Color, 1985, 91m. / Directed by Dan O'Bannon / Starring Clu Gulager, James Karen, Don Calfa, Thom Matthews, Linnea Quigley / MGM (US R1 NTSC) / WS (1.85:1) (16:9), Tartan (UK R0 PAL)

The legal fallout over 1968's horror classic Night of the Living Dead still lingers today, as divergent sequels, sequels, and other cinematic riffs involving George A. Romero, Tom Savini, John Russo, and a host of others continue to pop up every few years. These can range from worthy (Dawn of the Dead and Savini's remake) to insulting (Children of the Living Dead), but horror fans had an especially weird situation in 1985 when no less than two sequels-of-sorts appeared on movie screens. Though hobbled by production cutbacks, Romero's Day of the Dead was a haunting and grueling conclusion to his dead trilogy that brought his beloved zombies in the 1980s with great panache. Meanwhile, Russo and Russ Streiner teamed up with Romero pal Rudy Ricci for a half-funny, half-scary sequel which ignored Dawn entirely. Alien and Dead and Buried scribe Dan O'Bannon was brought in for screenwriting and directing chores, and fortunately he proved to be just the right man for the job. The resulting film took nearly everyone by surprise and became an instant cult classic, propelling naked punker Linnea Quigley to scream queen status and kicking off another line of sequels on its own.

The legendary opening sequence introduces two dimwitted medical supply employees, Frank (James Karen) and Freddy (Thom Matthews). The former tells an elaborate story claiming that Night of the Living Dead was actually a bastardized version of a true story, and the real zombies are now stored in the supply warehouse in which both men work. Of course a cannister containing one of them is accidentally opened, sending contaminated incineration fumes into the air over a nearby graveyard. A medical corpse promptly comes to life, wreaking havoc on the two numbskulls before finally being dispatched... well, as the characters point out, it doesn't happen like it did in the movie. The company owner (Clu Gulager) and a carload of punks are drawn into the action as well when the dead begin to rise from their graves, loudly demanding "Brains!"

Usually classified as a comedy, Return of the Living Dead does contain some wonderfully witty moments (including an unforgettable diagnosis scene involving two major characters) but is, above all, a horror movie through and through. This is not a campy spoof; it treats its subject with reverence and plays fair with the viewer, never condescending and always trying to deliver as many thrills as possible. The result is one of the best horror films of the 1980s, up there with the likes of Re-Animator, Near Dark, The Stepfather, and A Nightmare on Elm Street. Gulager and Karen deservedly earned a lot of genre work after this, but the entire cast nails their roles perfectly with a tricky script which balances a wide variety of tonal shifts. There's also an impeccably chosen punk score (featuring The Cramps, of course) and an unforgettable shocker of an ending that would never, ever fly with today's audiences.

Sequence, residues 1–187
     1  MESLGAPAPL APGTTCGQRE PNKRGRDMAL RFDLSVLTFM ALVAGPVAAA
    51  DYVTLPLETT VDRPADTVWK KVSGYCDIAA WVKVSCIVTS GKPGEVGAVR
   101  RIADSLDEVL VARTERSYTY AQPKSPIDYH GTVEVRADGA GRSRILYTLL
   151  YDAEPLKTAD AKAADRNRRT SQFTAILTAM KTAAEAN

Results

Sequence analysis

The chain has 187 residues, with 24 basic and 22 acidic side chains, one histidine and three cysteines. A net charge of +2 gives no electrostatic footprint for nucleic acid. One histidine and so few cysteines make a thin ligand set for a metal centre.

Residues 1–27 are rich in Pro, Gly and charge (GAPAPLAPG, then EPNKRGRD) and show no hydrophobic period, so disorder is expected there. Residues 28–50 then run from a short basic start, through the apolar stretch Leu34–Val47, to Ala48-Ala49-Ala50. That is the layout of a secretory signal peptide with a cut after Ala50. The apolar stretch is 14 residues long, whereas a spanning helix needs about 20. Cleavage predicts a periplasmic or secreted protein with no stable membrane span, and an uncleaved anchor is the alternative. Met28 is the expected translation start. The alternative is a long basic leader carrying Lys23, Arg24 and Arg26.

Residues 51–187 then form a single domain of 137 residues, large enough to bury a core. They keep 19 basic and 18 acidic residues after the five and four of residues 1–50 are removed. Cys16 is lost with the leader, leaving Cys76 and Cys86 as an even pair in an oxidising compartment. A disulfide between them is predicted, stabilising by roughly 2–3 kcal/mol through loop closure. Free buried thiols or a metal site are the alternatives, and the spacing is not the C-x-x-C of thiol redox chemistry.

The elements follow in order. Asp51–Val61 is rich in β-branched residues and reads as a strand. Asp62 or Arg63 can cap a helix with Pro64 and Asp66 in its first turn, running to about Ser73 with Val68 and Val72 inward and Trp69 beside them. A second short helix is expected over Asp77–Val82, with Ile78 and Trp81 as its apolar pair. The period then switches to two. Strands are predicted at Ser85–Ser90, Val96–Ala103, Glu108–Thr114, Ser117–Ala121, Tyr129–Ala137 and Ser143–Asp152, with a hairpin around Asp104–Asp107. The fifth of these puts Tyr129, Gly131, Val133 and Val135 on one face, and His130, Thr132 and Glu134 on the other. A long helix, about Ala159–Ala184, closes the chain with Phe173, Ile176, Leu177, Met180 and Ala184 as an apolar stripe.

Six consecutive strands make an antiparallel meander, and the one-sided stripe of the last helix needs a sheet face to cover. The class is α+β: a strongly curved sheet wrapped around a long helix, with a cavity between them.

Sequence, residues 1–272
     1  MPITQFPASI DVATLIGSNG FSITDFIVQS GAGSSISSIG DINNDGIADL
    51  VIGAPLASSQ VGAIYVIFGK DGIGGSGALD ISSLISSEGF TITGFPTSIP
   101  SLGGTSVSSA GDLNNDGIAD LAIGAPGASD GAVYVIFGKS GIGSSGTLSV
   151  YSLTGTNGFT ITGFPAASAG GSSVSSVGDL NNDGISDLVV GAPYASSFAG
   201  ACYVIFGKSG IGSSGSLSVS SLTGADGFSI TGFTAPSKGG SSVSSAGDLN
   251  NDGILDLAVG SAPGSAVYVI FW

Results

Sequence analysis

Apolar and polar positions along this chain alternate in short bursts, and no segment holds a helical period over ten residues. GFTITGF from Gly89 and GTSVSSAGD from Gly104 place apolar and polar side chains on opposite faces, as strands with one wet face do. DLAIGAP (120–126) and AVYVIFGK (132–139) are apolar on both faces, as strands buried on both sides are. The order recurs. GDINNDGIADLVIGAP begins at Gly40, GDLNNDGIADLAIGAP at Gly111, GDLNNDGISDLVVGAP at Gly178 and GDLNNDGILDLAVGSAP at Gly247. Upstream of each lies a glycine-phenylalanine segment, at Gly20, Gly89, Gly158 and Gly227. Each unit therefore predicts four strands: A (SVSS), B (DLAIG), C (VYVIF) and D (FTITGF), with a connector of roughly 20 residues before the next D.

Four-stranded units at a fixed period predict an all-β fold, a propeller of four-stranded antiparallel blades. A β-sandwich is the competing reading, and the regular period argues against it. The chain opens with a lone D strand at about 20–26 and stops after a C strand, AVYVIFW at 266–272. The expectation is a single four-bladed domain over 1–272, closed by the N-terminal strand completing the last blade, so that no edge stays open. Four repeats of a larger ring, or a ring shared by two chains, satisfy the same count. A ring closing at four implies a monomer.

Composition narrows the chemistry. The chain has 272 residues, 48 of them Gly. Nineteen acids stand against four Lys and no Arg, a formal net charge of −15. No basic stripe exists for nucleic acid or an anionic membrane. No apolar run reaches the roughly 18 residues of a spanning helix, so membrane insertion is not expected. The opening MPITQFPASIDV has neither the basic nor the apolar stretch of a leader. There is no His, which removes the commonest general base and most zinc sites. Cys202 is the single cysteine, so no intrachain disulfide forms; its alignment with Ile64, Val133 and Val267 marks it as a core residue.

Endless rights entanglements have resulted in Return of the Living Dead going in and out of availability to a frustrating degree. Originally shot open matte, the first 1.33:1 transfer shown on cable and available on video from HBO has long been the most widely seen, ported over eventually to a mediocre, extras-free DVD release in the UK from Tartan. (Ironically, a matted laserdisc was released as well, only in the UK.) MGM's US DVD offers a more generous package, beginning with the option of either open matte or 1.85:1 letterboxed presentations. Both look quite nice, improving dramatically over their predecessors with nicely balanced color schemes which frequently erupt in surprising splashes of sickly green and blue. The anamorphic widescreen edition loses a hefty amount of interesting visual details from the top and bottom but offers marginally increased clarity on 16:9 displays, so judge accordingly depending on your set up. Interestingly, the full frame version when blown up in 16:9 playback looks quite similar. Bear in mind that, like many mid-'80s titles, this film was shot with a deliberately diffused look in numerous sequences, so that softness in the image (particularly the interiors) was apparently intentional. A couple of night shots (such as the cremation smoke first billowing into the sky) betray some instability in the original elements, with the left side of the image looking noticeably washed out. Overall this is a fine transfer and miles ahead of other renditions, but be aware that the film will always have some inherent problems. The mono audio sounds crystal clear; while a sonic overhaul might have been fun given the nature of the music, this will do just fine. Extras begin with a lively audio commentary from O'Bannon and production designer William Stout, who offer some nice recollections about making the film. They go into great detail about the genesis of the project, the various permutations it experienced (even after filming, as owners of the rare workprint version on video can attest), and the difficulty of creating an entirely new look for a zombie bash. Other extras include a "Designing the Dead" featurette (which covers the special effects and visual sketches used to create the environment and the wide array of zombies on display), Stout's conceptual art for the limited but effective settings, and a handful of promotional items including the punchy Orion theatrical trailer (both G and R-rated versions) and TV spots.

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